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  • Milena Hughes
    Practiced by a novice, suminagashi is the most simplistic form of marbling, yet can be quite deceiving! With focused study, (and patience) one can learn brush
    Message 1 of 1 , Jul 26, 2002
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      Practiced by a novice, suminagashi is the most simplistic form of marbling,
      yet can be quite deceiving! With focused study, (and patience) one can
      learn brush control, line variance, plus color harmony and composition to
      create a beautiful and delicate sheet of suminagashi on Japanese papers.
      The lines should not be smeared or running, rather they should be sharp and
      balanced well between the non-color. Using the colors as they come from the
      Boku Undo kit can be extremely garish....try mixing a few. Boku Undo colors
      are dyes rather than pigments and will transfer to most any paper (and
      silk)...I 've even used high gloss tag board with excellent results. Diane
      Maurer's marbling books and supplies enable even the most inept to obtain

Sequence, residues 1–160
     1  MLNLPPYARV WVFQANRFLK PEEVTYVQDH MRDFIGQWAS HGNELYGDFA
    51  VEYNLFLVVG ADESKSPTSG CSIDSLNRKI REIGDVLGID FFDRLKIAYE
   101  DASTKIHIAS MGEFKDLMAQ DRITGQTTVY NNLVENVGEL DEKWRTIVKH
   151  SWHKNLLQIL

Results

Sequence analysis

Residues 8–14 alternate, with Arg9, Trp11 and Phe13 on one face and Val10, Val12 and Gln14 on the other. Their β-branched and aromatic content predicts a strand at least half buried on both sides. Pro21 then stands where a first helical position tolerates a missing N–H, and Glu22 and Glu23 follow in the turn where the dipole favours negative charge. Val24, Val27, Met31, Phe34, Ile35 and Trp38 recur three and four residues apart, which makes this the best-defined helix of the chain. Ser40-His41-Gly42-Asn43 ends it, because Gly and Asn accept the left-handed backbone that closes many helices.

good results without too much effort. Be sure to use good brushes with
      SHARP points.

      There is a small dedicated group of artists who study the technique with me
      in the Chicago area. These are usually twelve hour weekend workshops or
      four weekly sessions of three hours. We will begin a course in Advanced
      Suminagashi next week, practicing "Pebbles in the Creek", "Cloth in the
      Wind" (names I have given to patterns that can be repeated and look very
      similar each time) plus additional masking techniques. A note of caution:
      using the "one teaspoon of color to one drop of wetting agent" formula will
      deplete your Boku Undo kit quite rapidly unless you are planning to work at
      one session for a long period of time. Sometimes it is best (for adults)
      to experiment using only a few drops of color and one drop of diluted
      wetting agent....testing just as one does in traditional marbling. When the
      formula is working, one can create very large papers, scrolls, and fabrics
      of unique images. It is well worth the time and effort!

      Also- I have had many phone calls from frustrated teachers who have had
      disastrous results with children because...they did not know how to create
      (let alone teach) suminagashi in the correct manner. It is pleasing to read
      that there have been excellent results from those of you who KNOW WHAT YOU
      ARE DOING!


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